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Thread: Charging Troubles

  1. #1
    DaveH's Avatar
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    Default Charging Troubles

    Our group-owned PA22 Tri-Pacer dynamo doesn't cut-in until about 1400 rpm, which surprised me when I first flew it. However the other group members tell me that's normal. It also has a tendency to go up to about 16 Volts at odd times, which also surprised me, and sounded a bit on the high side. Just recently another member had the low volt light come on during a flight, and the system was 'looked at'. Whether much more was done than looking I'm not sure, but when I flew it the other day on a short local flight, it came on again at cruising rpm (around 2300) but went out again when I put in a short climb at 2500, and stayed out for the rest of the flight until the revs dropped again on landing.

    I'm a fairly low-hours pilot, but have a long experience with old VWs with dynamos and I suspect the voltage regulator is getting tired. Are there any specific checks that could be done to save replacing things that may not be the problem?

    If it's the regulator, where are these available from now? The aircraft is a 1953 model PA22-135 but it's had a newly rebuilt 150hp engine fitted fairly recently. I don't know if the ancillaries were changed, but I suspect not. It's quite possible it may not still have the originals though.

    Thanks for any help and reassurance.

  2. #2

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    Get someone that KNOWS generators to look at it.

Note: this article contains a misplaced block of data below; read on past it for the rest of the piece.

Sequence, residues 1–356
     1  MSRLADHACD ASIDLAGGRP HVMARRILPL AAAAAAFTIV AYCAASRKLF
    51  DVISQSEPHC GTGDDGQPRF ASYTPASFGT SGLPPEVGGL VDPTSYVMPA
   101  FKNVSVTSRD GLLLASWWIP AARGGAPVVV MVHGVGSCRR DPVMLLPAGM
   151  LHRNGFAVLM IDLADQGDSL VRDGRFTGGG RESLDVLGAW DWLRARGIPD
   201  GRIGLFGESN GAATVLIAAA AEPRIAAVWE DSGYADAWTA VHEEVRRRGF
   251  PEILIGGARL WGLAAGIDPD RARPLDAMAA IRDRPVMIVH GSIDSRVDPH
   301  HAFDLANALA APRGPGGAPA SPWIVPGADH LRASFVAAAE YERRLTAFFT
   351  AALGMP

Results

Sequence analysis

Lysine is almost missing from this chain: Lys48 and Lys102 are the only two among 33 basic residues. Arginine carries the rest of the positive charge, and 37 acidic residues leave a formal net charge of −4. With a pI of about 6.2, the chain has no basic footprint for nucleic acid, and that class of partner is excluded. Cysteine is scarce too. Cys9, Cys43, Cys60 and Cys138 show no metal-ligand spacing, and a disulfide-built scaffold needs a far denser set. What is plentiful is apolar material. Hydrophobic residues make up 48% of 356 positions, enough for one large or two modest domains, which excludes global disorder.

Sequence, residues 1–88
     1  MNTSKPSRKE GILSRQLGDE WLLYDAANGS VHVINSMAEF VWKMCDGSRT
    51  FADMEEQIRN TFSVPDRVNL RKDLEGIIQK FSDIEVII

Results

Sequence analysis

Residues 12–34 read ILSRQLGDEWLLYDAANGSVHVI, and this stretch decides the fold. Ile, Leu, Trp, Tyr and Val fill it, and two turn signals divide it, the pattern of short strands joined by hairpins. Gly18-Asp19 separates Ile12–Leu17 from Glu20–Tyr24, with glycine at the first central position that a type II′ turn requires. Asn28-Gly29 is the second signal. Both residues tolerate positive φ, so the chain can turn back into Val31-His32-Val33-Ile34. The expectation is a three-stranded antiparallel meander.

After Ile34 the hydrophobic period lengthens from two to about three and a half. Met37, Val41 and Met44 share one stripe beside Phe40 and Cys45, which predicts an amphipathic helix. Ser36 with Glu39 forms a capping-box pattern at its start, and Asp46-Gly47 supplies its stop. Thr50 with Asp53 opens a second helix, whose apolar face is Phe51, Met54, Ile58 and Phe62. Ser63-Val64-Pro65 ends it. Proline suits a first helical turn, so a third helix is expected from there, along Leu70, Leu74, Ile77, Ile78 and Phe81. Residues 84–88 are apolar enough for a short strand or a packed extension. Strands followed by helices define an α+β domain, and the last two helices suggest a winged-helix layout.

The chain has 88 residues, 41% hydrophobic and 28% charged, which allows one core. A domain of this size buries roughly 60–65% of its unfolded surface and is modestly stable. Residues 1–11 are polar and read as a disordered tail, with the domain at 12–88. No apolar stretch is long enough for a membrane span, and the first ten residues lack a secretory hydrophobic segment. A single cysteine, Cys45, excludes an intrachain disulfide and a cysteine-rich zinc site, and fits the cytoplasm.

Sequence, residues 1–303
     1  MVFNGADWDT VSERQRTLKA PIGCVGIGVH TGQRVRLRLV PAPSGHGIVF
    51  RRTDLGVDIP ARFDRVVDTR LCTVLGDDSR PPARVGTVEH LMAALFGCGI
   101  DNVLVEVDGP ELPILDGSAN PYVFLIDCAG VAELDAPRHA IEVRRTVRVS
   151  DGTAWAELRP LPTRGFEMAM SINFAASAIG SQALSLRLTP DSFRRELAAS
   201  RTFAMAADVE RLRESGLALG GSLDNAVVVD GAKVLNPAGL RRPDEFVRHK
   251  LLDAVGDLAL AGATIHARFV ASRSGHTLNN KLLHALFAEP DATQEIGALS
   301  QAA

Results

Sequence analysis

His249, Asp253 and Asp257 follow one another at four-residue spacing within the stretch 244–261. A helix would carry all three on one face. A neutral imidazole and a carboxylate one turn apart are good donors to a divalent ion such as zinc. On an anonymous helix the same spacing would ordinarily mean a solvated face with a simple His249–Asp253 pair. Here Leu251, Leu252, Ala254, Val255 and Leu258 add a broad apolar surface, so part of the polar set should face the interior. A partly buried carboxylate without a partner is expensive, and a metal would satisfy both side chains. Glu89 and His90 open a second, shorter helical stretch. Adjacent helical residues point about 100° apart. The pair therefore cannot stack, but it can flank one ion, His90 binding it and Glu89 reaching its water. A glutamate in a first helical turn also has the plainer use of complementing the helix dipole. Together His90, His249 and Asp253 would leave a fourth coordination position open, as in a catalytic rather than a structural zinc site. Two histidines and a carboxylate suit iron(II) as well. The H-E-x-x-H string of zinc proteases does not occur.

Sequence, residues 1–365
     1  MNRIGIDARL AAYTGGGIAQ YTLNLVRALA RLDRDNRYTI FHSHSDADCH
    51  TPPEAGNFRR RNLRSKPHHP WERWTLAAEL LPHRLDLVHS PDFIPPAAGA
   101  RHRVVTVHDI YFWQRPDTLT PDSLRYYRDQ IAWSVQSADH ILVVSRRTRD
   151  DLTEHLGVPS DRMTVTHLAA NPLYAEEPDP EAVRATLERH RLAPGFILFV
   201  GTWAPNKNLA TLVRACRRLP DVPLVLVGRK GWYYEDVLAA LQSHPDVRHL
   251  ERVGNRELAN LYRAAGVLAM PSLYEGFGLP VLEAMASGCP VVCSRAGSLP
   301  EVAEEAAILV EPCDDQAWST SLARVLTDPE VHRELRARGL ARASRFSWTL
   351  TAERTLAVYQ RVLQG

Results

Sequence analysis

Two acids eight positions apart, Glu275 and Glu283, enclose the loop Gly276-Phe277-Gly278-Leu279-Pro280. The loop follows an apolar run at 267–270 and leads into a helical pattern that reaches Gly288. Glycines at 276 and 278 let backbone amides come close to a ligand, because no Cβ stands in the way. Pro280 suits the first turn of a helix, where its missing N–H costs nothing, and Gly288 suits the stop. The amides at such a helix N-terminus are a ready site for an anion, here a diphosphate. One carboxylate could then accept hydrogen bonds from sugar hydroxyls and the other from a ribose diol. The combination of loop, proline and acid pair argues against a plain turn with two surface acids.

The Regulator may just need PROPER adjustment.

    16 volts is HIGH.

    1400 to cut in in about right.

    It is NOT an Alternator as in newer systems.

    One often overlooked area on PA22's is the Master Switch.

    It is a Double Pole switch .

    In addition to turning on the battery it also does likewise for the Generator.

    The Regulator controls the Generator via "Field Current" & this has to pass through the Generator

    Portion of the Master Switch.

    Any corrosion or resistance on these switch contacts will give erratic Generator output.

  3. #3
    DaveH's Avatar
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    Thanks P.o.P. The master switch is a toggle switch and not too accessible, but there could be a problem with corrosion I guess.

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    You could disconnect the battery & check with an Ohmmeter.

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    Steve Pierce's Avatar
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    I have downloaded the Delco Remy Voltage Regulator Service Bulletin I use. Normally a generator will work or won't work if the regulator is good, in other words a bad generator isn't usually intermittent. Below are the regulators that work on or 20 amp generators.

    Voltage Regulators- 20 amp

    Kelly Aerospace
    VR300-14-20

    Delco Remy
    1118736
    1118904
    1119226

    Zeftronics
    G1200N